Interested in becoming a Catholic?
Sacraments For Children
What, when and how to go about it?
Jump in and join our youth group (Yrs 7-10)
Subscribe to our Newsletter
What Jesus said in today’s gospel is a reminder for us clergy and religious like the scribes and the Pharisees to do what we preach. As a prophetic peacemaker, Jesus challenges those who pervert religion into an opportunity to gain personal honor, glory and power. This message could be interpreted as condemnation or criticism or invitation of Jesus to be consistent in what we say and what we do especially in relation to other people under our care.
This message is very important for those who are in charge of the care of others like parents, teachers and public servers. We may find some examples of those who do not do what they say. I quote what the Daily Telegraph reported on the 1st November 2017: “Former roads minister Michael Daley will have his licence suspended after he was caught driving 78km/h on the Eastern Distributor on August 8 — a whopping 38km/h over the limit as there were roadworks at the time. In 2009, when he was roads minister, Mr Daley introduced the demerit points scheme that means a driver caught speeding 31km/h to 45km/h over the limit receives “a three- month suspension, five demerit points and a $647 fine”.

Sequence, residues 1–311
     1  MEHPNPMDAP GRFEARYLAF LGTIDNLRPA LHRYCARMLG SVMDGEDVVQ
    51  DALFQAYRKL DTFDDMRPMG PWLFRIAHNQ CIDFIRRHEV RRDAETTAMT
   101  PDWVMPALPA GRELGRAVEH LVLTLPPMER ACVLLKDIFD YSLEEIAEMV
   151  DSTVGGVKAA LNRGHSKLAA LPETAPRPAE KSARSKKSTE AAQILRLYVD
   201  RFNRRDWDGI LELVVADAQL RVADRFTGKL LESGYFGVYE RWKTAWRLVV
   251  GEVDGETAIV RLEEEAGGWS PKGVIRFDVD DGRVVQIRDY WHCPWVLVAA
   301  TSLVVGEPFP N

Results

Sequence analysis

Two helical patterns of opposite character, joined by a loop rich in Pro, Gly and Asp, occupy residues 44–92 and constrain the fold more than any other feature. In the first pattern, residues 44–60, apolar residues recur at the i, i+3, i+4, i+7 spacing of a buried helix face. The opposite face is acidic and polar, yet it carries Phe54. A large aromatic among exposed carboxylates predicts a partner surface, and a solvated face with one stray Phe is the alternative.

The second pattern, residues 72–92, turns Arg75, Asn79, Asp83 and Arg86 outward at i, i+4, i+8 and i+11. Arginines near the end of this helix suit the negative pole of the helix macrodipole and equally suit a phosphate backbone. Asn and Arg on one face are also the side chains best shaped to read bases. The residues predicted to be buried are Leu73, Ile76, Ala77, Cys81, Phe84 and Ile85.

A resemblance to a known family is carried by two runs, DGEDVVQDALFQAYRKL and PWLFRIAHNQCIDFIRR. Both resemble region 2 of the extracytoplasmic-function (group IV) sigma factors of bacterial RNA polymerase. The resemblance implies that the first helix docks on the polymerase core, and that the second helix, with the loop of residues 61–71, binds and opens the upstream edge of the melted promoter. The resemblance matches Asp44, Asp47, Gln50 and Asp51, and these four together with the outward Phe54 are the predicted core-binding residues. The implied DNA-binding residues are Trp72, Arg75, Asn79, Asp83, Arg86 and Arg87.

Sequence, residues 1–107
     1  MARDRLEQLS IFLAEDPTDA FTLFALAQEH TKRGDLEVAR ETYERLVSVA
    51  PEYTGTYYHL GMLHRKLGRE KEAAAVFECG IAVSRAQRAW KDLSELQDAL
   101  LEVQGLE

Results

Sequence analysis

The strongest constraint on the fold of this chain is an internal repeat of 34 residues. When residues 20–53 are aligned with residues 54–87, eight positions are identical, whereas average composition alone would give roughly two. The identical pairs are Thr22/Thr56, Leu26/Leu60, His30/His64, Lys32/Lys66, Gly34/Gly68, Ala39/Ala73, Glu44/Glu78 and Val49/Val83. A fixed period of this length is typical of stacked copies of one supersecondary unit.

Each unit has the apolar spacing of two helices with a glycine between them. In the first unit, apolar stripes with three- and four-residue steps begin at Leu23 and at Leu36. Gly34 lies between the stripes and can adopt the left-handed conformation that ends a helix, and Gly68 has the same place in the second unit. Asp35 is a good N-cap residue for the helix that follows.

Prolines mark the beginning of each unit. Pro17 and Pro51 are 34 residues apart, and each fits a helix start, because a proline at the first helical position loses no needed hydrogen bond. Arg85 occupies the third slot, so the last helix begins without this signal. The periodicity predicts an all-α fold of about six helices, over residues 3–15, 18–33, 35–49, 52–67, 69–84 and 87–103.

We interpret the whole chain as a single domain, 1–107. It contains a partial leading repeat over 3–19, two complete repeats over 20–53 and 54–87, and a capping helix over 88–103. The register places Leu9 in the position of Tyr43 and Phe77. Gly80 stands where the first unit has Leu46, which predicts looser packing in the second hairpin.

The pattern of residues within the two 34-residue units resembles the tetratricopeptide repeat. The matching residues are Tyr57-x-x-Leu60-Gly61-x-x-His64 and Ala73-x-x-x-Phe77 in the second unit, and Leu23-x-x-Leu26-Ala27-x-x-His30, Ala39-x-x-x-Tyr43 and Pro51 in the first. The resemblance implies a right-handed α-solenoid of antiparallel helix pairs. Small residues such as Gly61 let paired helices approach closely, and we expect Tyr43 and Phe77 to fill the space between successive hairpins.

How could we apply this message to us as a community? It is easy to read today’s Gospel and start pointing fingers at others. Of course, I can point a criticizing finger at all the officials I know, political, religious or otherwise. But let me ask the question: am I so different from them? It is important that I see how this applies in my own life. The Gospel is addressed to ME. How touchy am I about the way people treat me, especially if I have some title or responsibility, even if it is just that of a parent or teacher? Respect cannot be demanded — it must be earned. WE NEED TO LIVE THE FAITH WE PROFESS. For me personally this is an invitation for renewal of my life as a priest, trying my best to be consistent with what I have promised as a religious priest and what I do in my life.
This Sunday we welcome Year 3 and their families to Mass. After Mass there will be a cake stall to raise funds for the school.
Kindergarten M – Religious Education
The first unit explored by Kindergarten this Term was K.7 God’s Creation. This unit explores the wonder and beauty of God’s creation. It presents creation as God’s gift to God’s people and a reflection of God’s goodness. The children listened to and responded to the creation story. Prayers of praise for creation and ways to care for it were introduced and discussed. The story of Noah and the Ark is also explored. The students will be able to listen to the story and retell the story using the Noah’s Ark Godly play set.
The Cemetery Mass for the deceased will be celebrated in the South Chapel, Eastern Suburbs Memorial Gardens & Crematorium, Botany, on Saturday, 11 November 2017 at 11 am.